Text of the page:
Saturday, February 28, 2015

“Two novels built around the same contrivance. Will a trivial woman surrender her virtue to a wealthy master?”

In Slate magazine's Low Concept, Steven Metcalf writes-- 
“Good morning,” he said, then sniff-laughed, smiled, and, poking eyeglasses up the grade of his nose, corrected himself: “Good afternoon.” Professor M. looked around the room. 
 The preening,  pedantic Professor M nailed it.  

The history of the novel is, in fact, itself a kind of novel, an inner history of the middle class from its inception in the 18th century, through its consolidation in the 19th, its utter dominance in the 20th, and through to its unfortunate fate in the early parts of this professor Watt once said—the ‘unplanned aggregate of particular individuals having particular experiences at particular times and at particular places.’
The salient point here is not that stupid people loved Fifty Shades or that smart people deplored it. It’s that the educated classes were drawn to it in spite of themselves. Drawn to it just as they were to Pamela. In Fifty Shades, they found what the literate middle classes always found in novels: the drama of who they are, who they must become next, as it works itself out in the marriage plot. How do sexual power and social power map—or fail to map—on one another? Just as in Pamela, a middle class might be born, so too in this supposedly inconsequential little virgin, something like a middle class might yet survive; might yet hold onto its self-respect. This is why otherwise intelligent people were drawn to a manifest idiocy.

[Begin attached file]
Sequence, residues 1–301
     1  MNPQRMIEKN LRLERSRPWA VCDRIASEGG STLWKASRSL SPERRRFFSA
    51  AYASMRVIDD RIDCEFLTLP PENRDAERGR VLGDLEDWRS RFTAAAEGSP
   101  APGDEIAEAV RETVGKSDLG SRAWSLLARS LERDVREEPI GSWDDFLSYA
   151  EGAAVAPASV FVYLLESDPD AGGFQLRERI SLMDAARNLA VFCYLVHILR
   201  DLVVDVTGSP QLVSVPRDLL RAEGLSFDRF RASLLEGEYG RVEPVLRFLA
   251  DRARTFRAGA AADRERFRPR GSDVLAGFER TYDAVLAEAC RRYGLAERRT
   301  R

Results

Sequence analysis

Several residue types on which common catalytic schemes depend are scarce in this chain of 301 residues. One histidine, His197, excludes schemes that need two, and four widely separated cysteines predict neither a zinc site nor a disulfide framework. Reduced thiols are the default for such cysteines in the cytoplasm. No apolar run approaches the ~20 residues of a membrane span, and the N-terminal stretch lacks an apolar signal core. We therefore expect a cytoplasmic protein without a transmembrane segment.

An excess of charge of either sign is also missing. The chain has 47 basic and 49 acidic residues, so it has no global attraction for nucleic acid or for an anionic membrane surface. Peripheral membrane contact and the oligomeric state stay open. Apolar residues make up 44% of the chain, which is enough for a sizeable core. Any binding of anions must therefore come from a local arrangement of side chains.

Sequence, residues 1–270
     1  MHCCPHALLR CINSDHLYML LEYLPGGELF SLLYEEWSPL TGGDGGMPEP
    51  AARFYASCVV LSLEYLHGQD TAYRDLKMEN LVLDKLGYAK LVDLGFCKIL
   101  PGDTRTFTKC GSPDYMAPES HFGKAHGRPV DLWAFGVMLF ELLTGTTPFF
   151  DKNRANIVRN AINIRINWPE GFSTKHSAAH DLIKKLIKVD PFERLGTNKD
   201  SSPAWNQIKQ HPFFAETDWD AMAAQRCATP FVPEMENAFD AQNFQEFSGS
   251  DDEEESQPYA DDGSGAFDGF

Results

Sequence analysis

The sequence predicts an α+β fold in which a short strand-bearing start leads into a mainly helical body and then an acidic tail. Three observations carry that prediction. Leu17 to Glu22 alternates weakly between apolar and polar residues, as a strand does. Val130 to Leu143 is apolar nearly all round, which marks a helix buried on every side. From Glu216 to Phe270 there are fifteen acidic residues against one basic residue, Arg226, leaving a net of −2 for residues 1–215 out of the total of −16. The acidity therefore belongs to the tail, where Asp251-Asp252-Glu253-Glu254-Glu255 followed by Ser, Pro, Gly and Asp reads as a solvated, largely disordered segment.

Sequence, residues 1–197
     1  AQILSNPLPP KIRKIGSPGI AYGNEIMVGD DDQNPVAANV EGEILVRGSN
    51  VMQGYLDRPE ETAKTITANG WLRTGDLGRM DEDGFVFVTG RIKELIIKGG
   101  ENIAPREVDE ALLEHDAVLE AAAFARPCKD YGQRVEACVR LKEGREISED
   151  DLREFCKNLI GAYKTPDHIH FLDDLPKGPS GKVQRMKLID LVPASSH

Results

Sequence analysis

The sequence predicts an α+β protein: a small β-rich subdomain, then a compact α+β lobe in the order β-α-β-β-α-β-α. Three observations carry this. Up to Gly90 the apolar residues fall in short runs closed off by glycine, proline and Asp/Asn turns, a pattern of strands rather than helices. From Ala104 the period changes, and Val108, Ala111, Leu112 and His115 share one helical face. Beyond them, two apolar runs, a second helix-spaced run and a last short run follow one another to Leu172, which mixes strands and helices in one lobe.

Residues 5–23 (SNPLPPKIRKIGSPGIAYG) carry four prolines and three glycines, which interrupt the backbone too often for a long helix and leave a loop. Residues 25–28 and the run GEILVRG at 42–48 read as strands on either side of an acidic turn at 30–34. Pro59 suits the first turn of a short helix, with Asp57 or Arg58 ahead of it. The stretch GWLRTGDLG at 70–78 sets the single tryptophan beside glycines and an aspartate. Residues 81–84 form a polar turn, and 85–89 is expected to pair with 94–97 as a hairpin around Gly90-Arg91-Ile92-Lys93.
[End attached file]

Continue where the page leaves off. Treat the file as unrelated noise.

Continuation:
In 1740, the virgin must convert the licentious aristocrat into a middle-class individual, capable of companionate marriage. In 2011, the moment has arrived in which the master once again has everything—not only money, but comportment and dress—while the young middle-class virgin—without skills or talents or ambitions—has nothing left to bargain away but her self-respect. And it was into this sad proxy that middle-class readers lost themselves, in one final ecstasy of total submission.
 1,380,000 Google Search results for "he lifted her as if she weighed nothing"

Pamela and Fifty Shades of Grey
Photo illustration by Slate. Painting by Joseph Highmore via National Gallery of Victoria/Wikimedia Commons, film still courtesy of Universal.

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